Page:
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Cannes Film Festival director Thierry Fremaux, who has a long professional and personal history with Harvey Weinstein, on Thursday spoke out about reports about the film mogul’s history of sexual harassment and assault.
In a joint statement published on the film festival’s website and sent to The Hollywood Reporter, Fremaux and festival president Pierre Lescure wrote: “We have been dismayed to learn of the accusations of harassment and sexual violence recently leveled against Harvey Weinstein, a film professional whose activity and success are well known to all. They have led him to make frequent visits to Cannes over many years, with numerous films selected at the International Film Festival, at which he has been a familiar figure.”
They continued: “These actions point to a pattern of behavior that merits only the clearest and most unequivocal condemnation.”
The statement concluded: “Our thoughts go out to the victims, to those who have had the courage to testify and to all the others. May this case help us once again to denounce all such serious and unacceptable practices.”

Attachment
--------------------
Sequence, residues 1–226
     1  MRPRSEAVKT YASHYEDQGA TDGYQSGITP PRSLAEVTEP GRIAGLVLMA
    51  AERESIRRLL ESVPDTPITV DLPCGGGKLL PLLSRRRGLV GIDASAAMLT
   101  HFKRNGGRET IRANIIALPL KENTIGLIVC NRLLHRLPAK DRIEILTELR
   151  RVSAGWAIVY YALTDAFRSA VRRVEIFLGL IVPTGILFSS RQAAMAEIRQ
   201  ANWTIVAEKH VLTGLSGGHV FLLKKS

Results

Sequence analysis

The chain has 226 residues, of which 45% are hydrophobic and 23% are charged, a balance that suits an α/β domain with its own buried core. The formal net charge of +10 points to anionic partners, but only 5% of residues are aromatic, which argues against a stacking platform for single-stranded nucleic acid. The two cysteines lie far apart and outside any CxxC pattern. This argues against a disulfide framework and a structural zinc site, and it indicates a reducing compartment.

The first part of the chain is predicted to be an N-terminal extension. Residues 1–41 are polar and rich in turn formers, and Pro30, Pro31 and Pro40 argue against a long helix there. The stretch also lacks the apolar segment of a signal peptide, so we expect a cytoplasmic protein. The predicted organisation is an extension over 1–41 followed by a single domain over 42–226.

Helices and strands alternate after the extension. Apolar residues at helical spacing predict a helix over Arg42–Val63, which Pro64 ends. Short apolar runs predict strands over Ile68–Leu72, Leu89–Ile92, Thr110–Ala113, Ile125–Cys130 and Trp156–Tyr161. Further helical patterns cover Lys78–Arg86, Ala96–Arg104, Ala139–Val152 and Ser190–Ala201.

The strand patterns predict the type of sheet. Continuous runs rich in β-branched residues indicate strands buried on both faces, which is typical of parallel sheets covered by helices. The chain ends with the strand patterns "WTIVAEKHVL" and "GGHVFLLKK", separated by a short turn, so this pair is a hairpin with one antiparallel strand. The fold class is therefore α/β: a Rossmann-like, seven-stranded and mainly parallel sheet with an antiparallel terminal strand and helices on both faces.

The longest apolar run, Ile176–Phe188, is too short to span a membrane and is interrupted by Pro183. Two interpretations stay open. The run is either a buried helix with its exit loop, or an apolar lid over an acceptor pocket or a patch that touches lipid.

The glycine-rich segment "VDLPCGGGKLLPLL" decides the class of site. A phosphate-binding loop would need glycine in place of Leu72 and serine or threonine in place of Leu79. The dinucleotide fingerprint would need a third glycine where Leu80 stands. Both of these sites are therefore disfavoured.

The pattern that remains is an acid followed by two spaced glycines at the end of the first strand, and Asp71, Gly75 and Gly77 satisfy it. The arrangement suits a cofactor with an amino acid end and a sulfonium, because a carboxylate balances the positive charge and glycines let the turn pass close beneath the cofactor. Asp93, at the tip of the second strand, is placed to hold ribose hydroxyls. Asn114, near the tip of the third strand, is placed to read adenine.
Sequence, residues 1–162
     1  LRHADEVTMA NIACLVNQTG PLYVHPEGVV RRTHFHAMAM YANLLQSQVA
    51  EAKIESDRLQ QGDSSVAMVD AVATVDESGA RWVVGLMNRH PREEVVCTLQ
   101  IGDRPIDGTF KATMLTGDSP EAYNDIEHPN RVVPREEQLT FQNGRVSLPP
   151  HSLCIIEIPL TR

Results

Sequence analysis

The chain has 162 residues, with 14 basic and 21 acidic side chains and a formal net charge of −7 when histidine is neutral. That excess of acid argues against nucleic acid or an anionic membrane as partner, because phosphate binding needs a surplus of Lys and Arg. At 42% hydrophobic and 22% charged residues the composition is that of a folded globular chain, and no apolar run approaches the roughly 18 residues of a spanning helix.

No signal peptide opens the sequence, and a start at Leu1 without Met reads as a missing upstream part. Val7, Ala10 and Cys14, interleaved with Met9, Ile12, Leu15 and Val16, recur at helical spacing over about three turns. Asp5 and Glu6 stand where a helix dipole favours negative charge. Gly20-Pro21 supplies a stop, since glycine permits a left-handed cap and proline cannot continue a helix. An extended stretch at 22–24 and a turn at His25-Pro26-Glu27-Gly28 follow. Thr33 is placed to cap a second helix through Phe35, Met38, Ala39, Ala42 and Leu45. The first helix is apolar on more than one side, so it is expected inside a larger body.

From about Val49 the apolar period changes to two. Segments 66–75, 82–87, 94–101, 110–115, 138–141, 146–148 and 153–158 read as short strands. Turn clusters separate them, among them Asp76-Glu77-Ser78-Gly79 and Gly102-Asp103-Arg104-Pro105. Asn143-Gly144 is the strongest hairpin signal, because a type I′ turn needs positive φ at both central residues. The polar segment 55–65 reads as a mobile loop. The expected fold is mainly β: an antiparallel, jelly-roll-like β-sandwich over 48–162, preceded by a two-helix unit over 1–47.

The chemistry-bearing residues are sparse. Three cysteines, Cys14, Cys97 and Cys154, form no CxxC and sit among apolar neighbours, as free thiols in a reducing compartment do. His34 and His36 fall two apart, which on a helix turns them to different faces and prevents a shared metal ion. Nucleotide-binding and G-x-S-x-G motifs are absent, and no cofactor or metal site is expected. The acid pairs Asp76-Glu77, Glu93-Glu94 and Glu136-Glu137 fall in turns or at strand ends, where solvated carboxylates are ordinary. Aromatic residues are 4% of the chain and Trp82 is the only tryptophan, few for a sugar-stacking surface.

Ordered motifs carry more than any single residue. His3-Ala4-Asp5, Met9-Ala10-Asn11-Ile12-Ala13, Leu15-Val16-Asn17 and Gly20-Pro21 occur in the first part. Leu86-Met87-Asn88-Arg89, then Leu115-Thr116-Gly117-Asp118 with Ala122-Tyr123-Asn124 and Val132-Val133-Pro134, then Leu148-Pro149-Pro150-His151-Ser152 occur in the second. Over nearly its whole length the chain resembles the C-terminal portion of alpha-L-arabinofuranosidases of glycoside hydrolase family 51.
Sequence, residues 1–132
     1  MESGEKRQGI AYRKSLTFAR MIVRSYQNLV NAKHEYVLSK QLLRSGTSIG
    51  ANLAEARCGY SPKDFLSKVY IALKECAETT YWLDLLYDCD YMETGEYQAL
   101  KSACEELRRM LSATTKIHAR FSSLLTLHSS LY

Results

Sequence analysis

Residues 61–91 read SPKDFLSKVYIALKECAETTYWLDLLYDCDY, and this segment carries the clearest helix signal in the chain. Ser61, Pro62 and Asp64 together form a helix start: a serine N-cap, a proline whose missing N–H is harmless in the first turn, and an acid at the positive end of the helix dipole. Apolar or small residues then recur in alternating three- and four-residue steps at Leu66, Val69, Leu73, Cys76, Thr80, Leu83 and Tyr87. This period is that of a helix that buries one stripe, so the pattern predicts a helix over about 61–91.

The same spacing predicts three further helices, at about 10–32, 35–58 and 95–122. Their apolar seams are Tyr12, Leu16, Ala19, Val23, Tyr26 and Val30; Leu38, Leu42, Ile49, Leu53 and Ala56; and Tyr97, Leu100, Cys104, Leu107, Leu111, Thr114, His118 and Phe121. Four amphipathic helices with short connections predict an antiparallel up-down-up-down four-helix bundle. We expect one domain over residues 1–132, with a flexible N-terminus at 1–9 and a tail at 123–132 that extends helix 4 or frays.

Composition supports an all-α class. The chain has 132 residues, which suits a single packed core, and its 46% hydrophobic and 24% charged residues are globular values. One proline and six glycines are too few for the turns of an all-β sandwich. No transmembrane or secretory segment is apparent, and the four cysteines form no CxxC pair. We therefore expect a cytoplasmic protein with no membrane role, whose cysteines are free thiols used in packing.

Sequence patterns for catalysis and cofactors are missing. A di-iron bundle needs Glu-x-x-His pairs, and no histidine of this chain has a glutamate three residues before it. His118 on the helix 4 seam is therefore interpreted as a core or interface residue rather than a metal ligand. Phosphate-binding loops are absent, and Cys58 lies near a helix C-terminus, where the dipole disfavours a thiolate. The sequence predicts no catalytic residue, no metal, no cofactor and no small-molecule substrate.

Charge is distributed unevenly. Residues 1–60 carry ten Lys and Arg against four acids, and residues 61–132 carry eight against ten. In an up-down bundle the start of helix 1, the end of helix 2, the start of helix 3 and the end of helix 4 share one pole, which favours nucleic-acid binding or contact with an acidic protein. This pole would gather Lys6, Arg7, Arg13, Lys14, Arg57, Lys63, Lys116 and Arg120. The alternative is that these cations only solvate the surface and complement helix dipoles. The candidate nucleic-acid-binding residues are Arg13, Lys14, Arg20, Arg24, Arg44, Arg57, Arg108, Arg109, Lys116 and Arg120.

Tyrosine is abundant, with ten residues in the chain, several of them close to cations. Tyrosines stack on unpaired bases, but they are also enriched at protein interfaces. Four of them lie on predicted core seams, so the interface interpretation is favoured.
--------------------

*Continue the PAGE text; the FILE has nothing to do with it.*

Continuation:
Fremaux told THR that the festival would not be making any further statements on the issue, but their “position is clear.”
Fremaux’s statement follows the explosive article in The New Yorker, published Tuesday, detailing multiple allegations of rape. One of those allegations, from Italian actress and director Asia Argento, took place at the famed Hotel du Cap during the Cannes Film Festival.
In France, where the assault took place, rape is legally defined as “any act of penetration,” including oral sex, by force or coercion. However, the statute of limitations is 10 years, or 20 years if the victim was a minor at the time. The incident Argento recounted took place 20 years ago, in 1997, when Argento was 21.
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